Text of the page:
The blueprint for privatising Japan's national universities into quasi-independent agencies is shortly to become law.
Parliament's upper house could introduce even more administrative and fiscal freedom for the national universities, as opposition politicians would like to be seen as more pro-reform than prime minister Junichiro Koizumi and his entrenched Liberal Democratic Party.
Independent status for the 99 national universities should be given next April when the school year begins. Privatisation will help the government achieve its goal of getting rid of tens of thousands of civil servants in administration, teaching and research.
Some effects of the legislation are already clear as universities attempt to prepare for their new status. Universities that are strong in science and technology are absorbing nearby medical colleges to allow them to compete more successfully for state research funding.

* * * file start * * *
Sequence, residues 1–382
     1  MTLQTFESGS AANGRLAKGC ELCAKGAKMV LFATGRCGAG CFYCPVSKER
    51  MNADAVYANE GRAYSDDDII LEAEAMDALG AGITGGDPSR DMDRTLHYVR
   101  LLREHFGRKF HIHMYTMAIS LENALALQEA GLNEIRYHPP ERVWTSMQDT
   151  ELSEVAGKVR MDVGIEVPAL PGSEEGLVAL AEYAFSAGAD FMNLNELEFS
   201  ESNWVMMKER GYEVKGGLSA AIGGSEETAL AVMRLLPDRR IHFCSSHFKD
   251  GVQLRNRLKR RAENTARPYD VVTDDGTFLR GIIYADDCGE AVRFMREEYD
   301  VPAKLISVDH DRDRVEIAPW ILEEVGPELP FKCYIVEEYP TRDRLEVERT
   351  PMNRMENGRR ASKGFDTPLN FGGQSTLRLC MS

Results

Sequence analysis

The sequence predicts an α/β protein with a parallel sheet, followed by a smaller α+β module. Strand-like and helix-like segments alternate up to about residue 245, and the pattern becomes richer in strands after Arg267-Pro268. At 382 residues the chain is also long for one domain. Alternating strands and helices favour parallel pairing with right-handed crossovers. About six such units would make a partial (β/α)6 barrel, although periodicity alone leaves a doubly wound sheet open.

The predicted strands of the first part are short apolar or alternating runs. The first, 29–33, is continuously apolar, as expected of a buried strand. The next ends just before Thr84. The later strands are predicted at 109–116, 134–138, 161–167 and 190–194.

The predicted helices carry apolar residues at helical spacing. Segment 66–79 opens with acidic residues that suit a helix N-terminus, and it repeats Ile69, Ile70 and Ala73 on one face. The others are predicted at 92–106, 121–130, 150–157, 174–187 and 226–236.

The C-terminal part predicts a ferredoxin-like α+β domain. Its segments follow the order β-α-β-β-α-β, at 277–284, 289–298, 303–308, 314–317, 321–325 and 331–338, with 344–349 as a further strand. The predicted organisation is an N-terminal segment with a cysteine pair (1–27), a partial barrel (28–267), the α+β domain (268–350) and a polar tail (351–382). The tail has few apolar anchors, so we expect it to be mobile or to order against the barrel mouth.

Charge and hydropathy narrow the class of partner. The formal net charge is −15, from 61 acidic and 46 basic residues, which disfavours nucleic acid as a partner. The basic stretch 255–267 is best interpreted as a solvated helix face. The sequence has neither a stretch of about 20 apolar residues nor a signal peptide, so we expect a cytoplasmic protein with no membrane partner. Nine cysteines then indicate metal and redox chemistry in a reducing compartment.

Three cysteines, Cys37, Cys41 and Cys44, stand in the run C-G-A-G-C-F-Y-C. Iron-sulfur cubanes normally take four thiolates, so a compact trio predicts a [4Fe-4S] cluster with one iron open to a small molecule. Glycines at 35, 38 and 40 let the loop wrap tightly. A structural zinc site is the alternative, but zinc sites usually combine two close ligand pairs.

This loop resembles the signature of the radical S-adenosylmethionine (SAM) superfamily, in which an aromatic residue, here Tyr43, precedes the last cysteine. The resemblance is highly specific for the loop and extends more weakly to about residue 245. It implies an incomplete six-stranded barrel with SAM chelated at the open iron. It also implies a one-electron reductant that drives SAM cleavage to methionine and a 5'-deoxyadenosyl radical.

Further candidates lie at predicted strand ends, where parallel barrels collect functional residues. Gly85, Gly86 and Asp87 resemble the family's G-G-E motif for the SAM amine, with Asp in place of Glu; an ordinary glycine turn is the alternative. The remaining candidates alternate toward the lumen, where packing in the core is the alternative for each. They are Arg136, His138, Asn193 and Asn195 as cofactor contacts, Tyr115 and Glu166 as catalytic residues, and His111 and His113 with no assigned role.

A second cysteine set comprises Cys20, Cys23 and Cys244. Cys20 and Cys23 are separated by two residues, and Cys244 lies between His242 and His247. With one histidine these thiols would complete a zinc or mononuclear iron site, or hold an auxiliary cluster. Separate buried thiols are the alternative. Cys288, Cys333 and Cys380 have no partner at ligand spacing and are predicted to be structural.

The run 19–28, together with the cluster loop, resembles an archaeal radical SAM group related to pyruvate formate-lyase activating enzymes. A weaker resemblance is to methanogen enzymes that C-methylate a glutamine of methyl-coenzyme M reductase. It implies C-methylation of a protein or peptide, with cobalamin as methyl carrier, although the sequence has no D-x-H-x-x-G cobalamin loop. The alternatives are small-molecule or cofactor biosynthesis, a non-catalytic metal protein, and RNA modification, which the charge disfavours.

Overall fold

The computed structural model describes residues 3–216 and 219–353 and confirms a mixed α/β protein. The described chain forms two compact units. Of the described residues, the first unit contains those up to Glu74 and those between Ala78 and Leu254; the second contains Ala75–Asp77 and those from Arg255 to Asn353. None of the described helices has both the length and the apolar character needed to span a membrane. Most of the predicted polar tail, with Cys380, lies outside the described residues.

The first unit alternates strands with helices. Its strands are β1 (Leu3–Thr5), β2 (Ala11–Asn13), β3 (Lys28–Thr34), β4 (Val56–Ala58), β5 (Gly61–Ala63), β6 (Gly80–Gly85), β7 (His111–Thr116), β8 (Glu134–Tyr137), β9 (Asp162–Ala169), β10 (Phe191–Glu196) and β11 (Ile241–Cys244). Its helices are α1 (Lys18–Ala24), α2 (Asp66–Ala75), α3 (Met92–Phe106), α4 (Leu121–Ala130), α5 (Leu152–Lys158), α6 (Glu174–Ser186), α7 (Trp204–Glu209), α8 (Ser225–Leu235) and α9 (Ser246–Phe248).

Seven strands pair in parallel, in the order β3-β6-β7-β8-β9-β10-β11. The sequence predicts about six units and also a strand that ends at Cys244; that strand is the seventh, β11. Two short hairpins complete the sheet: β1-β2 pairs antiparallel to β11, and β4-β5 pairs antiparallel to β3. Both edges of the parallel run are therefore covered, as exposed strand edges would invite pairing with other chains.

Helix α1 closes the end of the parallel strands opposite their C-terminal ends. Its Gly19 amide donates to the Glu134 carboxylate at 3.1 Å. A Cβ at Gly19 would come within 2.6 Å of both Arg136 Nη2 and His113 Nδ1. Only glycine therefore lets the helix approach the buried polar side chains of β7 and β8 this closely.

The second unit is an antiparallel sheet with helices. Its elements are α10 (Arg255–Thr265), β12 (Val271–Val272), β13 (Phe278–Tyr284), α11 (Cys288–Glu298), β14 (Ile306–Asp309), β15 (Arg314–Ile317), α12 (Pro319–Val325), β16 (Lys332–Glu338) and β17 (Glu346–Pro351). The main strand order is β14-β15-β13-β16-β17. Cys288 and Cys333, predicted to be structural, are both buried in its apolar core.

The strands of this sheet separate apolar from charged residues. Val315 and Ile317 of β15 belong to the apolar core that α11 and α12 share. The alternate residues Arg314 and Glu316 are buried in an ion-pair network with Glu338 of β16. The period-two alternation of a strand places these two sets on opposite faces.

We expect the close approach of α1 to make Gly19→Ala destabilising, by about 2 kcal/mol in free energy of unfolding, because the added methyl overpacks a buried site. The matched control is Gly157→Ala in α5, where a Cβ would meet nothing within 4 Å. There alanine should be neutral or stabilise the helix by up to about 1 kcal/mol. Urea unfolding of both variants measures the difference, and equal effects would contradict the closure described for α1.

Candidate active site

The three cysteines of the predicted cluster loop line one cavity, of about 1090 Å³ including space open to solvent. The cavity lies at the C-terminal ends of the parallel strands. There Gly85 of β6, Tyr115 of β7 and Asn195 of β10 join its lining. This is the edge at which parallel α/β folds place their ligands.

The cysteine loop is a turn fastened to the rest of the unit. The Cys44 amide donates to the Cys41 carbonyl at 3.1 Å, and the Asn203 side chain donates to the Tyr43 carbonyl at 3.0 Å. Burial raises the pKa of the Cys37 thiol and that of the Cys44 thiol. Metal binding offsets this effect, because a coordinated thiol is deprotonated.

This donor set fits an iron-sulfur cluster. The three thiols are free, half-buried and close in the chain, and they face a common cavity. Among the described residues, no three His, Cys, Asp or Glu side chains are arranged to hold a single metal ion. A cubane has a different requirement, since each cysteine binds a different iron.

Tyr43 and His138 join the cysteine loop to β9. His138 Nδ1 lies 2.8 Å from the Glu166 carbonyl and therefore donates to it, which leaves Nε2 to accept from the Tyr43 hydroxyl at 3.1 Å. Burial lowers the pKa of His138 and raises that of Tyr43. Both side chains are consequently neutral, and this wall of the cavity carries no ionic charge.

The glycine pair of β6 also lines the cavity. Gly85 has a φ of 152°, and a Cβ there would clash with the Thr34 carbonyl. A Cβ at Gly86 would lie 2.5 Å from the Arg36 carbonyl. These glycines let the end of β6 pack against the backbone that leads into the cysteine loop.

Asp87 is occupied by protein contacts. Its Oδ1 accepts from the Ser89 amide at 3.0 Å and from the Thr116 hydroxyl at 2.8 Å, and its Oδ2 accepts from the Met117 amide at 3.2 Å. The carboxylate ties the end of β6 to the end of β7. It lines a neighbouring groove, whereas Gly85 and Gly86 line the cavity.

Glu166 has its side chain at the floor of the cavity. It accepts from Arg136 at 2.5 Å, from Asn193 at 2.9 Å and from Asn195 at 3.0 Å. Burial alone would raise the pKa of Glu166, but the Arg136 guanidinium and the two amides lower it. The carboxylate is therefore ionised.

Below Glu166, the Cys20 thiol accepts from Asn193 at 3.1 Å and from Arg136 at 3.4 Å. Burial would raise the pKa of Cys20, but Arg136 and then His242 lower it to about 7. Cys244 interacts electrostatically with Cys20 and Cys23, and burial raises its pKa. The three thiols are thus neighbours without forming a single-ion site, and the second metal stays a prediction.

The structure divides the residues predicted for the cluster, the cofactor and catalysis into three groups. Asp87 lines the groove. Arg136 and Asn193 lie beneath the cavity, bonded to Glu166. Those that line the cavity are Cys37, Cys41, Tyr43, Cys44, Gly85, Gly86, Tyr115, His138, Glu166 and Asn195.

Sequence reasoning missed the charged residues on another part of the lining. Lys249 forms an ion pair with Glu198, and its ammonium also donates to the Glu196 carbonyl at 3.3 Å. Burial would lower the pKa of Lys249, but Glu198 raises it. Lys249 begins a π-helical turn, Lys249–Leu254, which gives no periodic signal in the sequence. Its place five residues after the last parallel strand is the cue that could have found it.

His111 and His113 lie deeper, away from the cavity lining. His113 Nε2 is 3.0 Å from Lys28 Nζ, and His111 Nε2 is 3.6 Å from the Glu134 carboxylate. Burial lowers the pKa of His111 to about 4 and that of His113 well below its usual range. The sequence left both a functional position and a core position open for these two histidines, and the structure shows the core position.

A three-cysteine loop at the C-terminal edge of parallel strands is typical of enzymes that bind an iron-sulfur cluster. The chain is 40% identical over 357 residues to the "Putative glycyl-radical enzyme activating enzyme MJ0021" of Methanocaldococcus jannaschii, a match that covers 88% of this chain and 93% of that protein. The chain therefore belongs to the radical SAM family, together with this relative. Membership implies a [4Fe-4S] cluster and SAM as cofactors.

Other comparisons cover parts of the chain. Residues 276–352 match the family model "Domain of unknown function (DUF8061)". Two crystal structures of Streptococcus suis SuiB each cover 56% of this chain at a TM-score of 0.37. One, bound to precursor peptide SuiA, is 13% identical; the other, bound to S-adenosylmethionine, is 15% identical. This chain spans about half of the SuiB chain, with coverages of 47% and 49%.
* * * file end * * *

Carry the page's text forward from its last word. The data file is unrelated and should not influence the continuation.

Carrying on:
Reorganised faculties of science and technology are planning to gain backing from the private sector for start-up firms in fields such as biotechnology and pharmaceuticals.
The government hopes that privatisation will make at least 30 of the national universities world-class institutions for research, teaching and training leaders in the future.
It is also trying to rid itself of the mandate requiring it to subsidise national universities at huge expense - privatisation is part of a larger effort to deal with the country's failing fiscal health.
Faculties, departments and programmes in the less potentially lucrative social sciences, education and humanities will be forced to seek links and even mergers with other universities and colleges.
With enrolments remaining flat or even declining, universities will solicit corporate sponsorship for foundations.